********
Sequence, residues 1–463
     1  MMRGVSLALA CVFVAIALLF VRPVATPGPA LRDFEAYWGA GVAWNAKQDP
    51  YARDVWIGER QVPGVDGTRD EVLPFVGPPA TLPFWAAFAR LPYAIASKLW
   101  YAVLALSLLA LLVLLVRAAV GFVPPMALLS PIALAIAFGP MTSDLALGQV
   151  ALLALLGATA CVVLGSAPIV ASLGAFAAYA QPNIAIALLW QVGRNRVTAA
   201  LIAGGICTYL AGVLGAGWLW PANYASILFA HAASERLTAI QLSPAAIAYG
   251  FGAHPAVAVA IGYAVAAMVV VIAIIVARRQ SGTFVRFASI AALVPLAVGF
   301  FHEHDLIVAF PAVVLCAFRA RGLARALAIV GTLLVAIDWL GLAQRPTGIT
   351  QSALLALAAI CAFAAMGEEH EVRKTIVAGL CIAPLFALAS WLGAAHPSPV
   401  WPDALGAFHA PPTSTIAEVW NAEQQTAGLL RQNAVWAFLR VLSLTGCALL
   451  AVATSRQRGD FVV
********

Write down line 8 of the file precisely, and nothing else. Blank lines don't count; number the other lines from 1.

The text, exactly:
   301  FHEHDLIVAF PAVVLCAFRA RGLARALAIV GTLLVAIDWL GLAQRPTGIT